In recent years many scholars have studied the positive effect economic wellbeing has on happiness. Now, Daniel Sgroi and colleagues at the University of Warwick in England have flipped that premise around, homing on on whether happiness can affect productivity.
So much for throwing yourself into work when you feel blue. The scholars learned that happier people performed better at tests than unhappier people.
Sgroi and his team ran the experiment twice, both times working with about 180 subjects. The first time, he induced happiness in a group of people by showing them 10 minutes of comedy clips. Another group saw no clips. Then, both groups took a short math test. They were told they would be paid based on how many questions they answered correctly. The group that had watched the clips answered 10% more questions correctly than the group that hadn't.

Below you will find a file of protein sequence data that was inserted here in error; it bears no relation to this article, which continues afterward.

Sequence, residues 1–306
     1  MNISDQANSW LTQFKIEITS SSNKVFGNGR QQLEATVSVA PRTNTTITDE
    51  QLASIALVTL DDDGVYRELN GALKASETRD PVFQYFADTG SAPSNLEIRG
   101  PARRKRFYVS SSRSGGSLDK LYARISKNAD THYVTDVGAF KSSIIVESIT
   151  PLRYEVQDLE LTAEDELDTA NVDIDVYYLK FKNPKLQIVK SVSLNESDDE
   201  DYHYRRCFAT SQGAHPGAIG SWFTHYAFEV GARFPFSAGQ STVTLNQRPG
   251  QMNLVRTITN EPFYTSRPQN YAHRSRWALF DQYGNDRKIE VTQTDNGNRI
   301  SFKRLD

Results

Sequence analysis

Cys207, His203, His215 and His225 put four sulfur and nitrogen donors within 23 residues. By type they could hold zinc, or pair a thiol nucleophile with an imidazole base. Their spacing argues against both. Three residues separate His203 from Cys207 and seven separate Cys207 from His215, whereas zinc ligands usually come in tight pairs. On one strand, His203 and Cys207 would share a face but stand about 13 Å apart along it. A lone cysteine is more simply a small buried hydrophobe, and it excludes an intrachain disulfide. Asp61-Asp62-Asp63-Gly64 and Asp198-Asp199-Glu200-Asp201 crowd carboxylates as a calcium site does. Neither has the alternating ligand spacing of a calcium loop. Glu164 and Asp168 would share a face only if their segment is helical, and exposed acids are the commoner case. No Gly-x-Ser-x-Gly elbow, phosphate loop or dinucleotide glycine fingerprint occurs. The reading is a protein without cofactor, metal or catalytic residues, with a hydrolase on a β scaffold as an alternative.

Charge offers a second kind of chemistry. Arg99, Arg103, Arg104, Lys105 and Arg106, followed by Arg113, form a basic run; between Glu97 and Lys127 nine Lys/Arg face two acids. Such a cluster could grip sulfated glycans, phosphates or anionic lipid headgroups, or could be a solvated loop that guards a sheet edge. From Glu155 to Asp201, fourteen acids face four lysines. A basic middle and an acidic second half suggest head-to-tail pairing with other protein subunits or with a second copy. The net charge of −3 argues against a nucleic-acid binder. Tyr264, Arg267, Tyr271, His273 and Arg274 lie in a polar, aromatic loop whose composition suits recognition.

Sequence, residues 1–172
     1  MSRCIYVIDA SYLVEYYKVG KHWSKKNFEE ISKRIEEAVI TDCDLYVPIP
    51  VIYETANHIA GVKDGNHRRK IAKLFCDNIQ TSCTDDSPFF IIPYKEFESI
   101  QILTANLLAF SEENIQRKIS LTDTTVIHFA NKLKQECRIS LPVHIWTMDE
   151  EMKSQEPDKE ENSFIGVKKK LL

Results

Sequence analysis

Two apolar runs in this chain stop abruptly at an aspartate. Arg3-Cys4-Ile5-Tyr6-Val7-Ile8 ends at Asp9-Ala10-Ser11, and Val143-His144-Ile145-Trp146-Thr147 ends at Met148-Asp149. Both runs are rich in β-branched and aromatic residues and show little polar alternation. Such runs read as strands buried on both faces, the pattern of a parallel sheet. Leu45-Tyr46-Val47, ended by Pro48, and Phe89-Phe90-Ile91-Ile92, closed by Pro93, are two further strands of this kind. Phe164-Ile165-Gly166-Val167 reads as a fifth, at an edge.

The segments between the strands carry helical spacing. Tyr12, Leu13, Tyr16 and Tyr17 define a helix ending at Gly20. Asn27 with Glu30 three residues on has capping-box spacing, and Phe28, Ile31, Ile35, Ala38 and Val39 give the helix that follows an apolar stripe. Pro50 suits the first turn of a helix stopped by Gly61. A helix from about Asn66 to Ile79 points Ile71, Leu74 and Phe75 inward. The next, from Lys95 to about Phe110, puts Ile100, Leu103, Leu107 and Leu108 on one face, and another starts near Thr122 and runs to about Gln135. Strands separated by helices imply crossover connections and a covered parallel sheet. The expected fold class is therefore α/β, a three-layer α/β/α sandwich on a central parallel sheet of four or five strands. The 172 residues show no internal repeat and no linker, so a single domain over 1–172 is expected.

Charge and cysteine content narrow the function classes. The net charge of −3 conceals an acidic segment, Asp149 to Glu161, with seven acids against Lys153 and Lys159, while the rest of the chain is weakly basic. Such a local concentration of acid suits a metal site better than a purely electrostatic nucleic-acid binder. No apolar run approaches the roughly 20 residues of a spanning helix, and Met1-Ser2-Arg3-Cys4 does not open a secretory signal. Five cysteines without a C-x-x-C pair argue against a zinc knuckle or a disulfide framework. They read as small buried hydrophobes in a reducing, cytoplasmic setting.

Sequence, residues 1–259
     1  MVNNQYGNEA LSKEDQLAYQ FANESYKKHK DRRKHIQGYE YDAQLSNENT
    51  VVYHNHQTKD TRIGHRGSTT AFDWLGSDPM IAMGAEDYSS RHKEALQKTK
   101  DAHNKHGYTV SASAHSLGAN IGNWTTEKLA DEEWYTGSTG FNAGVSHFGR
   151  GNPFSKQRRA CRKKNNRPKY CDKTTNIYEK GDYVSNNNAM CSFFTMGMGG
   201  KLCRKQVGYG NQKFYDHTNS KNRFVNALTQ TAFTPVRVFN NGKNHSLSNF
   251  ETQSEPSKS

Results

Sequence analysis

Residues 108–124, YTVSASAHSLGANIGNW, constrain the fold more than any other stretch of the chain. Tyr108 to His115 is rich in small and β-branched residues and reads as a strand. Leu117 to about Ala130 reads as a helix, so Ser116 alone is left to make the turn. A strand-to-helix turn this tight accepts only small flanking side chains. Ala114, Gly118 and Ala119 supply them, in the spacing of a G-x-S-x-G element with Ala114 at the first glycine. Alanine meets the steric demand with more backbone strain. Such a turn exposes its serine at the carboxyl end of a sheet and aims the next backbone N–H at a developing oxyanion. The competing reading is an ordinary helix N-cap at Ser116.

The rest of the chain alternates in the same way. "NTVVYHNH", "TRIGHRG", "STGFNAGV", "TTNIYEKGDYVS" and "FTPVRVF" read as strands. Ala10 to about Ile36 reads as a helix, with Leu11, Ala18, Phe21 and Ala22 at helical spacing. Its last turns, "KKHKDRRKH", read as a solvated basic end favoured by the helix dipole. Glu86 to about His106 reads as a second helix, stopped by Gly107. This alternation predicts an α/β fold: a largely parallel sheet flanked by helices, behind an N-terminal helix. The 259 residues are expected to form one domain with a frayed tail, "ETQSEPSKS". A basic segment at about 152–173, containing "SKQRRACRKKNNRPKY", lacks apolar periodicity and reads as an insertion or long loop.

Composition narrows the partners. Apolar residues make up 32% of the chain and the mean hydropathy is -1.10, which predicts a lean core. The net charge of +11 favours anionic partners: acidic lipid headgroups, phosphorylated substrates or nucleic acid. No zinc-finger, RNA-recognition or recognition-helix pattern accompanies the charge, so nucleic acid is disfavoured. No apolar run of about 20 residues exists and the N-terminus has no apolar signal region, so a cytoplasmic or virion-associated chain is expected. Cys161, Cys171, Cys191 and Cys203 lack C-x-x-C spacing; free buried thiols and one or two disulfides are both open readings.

The second time, the scholars worked with a group of people who were assumed to be a bit less happy already: bereaved people, unhealthy people, and the like. He also asked participants to rate their happiness on a scale of 1 to 7. Again, happier people did better on the math test, with people who had experienced a significant life shock-- such as death of a loved one or an illness-- in the last year doing significantly worse than people who had experienced a shock two years ago or more.